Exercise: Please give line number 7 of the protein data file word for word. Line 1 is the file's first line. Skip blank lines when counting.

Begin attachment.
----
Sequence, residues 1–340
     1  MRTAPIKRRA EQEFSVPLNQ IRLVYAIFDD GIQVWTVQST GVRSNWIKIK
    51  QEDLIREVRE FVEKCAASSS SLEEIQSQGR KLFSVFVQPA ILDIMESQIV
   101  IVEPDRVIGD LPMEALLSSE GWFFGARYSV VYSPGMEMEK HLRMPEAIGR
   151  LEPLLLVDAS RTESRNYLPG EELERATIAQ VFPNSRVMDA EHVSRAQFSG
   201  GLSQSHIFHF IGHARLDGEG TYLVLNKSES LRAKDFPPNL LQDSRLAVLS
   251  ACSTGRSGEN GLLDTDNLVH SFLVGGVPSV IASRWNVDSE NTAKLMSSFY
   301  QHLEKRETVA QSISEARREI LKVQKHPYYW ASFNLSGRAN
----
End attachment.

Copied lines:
   251  ACSTGRSGEN GLLDTDNLVH SFLVGGVPSV IASRWNVDSE NTAKLMSSFY